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Dritto negli Occhi. Interview with Alessandra Mauro
Portal of the Italian language

Dritto negli Occhi. Interview with Alessandra Mauro

Categories: Culture and creativity

Let’s talk about books… and photography with the editorial director of Contrasto Books.

Alessandra Mauro
Alessandra Mauro

by Laura Pugno

 

For the Ministry of Foreign Affairs and the portal ‘italiana. language, culture and creativity in the world’ Alessandra Mauro, editorial director of Contrasto Books, created the video series ‘Dritto negli occhi. Conversazioni fotografiche’  (Straight in the eye. Photographic conversations). A project to promote Italian photography in the world, for the Giornata del Contemporaneo 2021 (Italian Contemporary Art Day), which tells us, through the voices, faces and bodies of the protagonists, the meaning of the artistic experience of the masters of Italian photography.

In this interview, Alessandra Mauro traces the genesis of the project and its implications, and recounts the many upheavals in the editorial world of Contrasto Books and the Contrasto agency.

 

How does a project like ‘Dritto negli occhi. Conversazioni fotografiche’ portray the articulated and complex picture of Italian photography today? What strong trends are emerging?

The picture of contemporary photography is, as you said, complex and varied, and it could not be otherwise. Photography is par excellence the language of contemporaneity, the one we all use, whether or not we are aware of it. It was therefore right to give a voice and a face to some of the artists who are moving in the field of photographic experience as a way of searching for themselves, a style and a way of interpreting reality with this visual language.
From the ‘historical’ photography of Piergiorgio Branzi, stemming from his experience of the post-war period and the 1950s, to the discovery of Italy in black and white, to the photojournalism revived by Massimo Siragusa‘s personal research, to exploring the self and a new way of being in the world by photographers such as Gea Casolaro, Simona Ghizzoni, Michele Palazzi and Anna Di Prospero, we have documented how photography can be incredibly vibrant in terms of styles, images and interpretations.

 

Contrasto is a very multi-faceted reality: alongside and beyond the Contrasto Books publishing house, which has recently been launching new projects and new series, we have the historic photographic agency founded by Roberto Koch in 1986, the activities of the Fondazione Forma per la FotografiaHow does this microcosm between word and image work?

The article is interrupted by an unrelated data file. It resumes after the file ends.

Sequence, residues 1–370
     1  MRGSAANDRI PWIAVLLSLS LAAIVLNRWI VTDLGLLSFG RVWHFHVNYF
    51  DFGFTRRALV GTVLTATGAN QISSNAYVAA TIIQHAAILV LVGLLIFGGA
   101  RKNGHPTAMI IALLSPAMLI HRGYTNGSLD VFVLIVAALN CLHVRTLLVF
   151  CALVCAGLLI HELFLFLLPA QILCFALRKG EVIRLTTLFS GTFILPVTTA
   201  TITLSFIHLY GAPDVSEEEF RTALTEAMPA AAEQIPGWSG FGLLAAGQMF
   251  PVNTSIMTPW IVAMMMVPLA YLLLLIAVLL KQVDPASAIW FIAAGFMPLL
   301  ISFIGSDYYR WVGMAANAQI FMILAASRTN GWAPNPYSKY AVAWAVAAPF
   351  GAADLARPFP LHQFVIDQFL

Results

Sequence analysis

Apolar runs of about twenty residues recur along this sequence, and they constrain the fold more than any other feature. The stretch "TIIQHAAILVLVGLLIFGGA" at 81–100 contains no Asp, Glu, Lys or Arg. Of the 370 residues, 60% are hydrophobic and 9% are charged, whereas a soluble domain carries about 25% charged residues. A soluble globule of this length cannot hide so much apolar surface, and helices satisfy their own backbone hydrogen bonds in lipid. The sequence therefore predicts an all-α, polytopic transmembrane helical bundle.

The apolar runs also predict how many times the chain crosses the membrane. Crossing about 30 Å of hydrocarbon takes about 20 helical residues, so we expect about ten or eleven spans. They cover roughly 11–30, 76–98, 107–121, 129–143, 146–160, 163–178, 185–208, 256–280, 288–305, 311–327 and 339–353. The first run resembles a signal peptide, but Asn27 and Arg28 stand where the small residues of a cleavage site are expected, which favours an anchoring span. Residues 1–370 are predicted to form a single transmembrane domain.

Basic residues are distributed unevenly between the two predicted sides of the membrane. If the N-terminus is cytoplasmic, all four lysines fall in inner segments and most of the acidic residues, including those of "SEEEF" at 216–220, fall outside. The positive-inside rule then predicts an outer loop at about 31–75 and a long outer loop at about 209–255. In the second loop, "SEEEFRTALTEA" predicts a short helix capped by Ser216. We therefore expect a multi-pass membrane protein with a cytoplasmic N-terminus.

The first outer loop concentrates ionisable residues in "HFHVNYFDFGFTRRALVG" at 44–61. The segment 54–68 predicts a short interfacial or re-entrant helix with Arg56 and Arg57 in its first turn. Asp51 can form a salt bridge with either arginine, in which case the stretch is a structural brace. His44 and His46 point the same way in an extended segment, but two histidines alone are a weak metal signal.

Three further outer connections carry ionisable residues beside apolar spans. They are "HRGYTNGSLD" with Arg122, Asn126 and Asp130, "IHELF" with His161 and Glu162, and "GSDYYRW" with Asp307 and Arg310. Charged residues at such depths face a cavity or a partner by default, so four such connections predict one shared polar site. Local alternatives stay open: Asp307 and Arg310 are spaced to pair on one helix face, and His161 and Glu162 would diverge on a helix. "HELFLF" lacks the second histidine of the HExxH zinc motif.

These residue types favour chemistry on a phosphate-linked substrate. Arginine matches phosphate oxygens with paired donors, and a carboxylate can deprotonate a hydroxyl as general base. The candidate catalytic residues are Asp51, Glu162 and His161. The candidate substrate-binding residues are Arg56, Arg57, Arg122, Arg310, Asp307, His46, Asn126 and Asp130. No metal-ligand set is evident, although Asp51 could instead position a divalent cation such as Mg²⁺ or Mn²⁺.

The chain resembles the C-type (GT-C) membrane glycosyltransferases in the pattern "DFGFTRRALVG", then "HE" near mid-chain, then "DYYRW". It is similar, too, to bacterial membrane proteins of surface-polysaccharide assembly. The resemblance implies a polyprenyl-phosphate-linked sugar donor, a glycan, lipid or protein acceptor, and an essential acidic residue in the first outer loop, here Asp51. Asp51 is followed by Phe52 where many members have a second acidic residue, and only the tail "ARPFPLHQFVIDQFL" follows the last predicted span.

I think that the feature that most distinguishes the ‘Contrasto microcosm’ is its flexibility and openness to possible experiences, collaborations and interactions in the name of photography, observation and direct testimony.
Contrasto was founded as a photographic agency in the 1980s, but over time it transformed and grew: it began to hold photographic exhibitions in places where this was not yet a widespread practice in Italy; alongside the exhibitions, it also published books and catalogues to provide a record of the history of photography, of the debate that has always underpinned it and of its hybridization with other languages. With the Fondazione Forma, this area of activity has become even larger and more precise. The new publications you mentioned (the Tracce (Traces) series dedicated to books on nature and environmental emergencies) are like new paths to follow, always in the name of direct testimony and participatory observation.

 

The relationship with the image is profoundly changing, as never before, the role of literature and publishing in our time. More and more writers are feeling challenged and questioned by the world of images, and photography in particular. Could we say that the opposite is also the case? What do these momentous changes look like from your particular vantage point?

We are living in a period of great change, and while photography is increasingly regarded for its undoubted narrative value, photographers too are keen to carry out projects that are not limited to the visual language alone but intertwine at various levels with other modes of representation. After all, excessively rigid boundaries have never been good for creativity, which thrives on a continuous exploration of forms and experiences. And photography, with its immediacy, is poised to record the changes we are experiencing in a formidable and synthetic way – almost as if it were a seismograph of reality.

 

Born in Rome, Alessandra Mauro has a degree in Literature and has been involved in photography for many years. She has been the artistic director of the Fondazione Forma per la Fotografia in Milan since its creation (2005) and editorial director of the Contrasto publishing house in Rome. As curator, she has conceived and organized several photographic exhibitions; as editorial director of Contrasto, she has edited and produced several books and catalogues. She taught Photography at the Suor Orsola Benincasa University of Naples and the Arts, Music and Performing Arts Department of the Roma 3 University. She led the Master’s in Photography at the Raffles School in Milan and is a teacher of Photography and photojournalism at the LUISS school of journalism. She also collaborates with the Vatican Museums, Contemporary Art Collection, for a project on photography. She is the author of the book Photoshow. Le principali mostre della storia della fotografia (Landmark Exhibitions that Defined the History of Photography), 2014 (Italian ed.: Contrasto; English ed.: Thames & Hudson)

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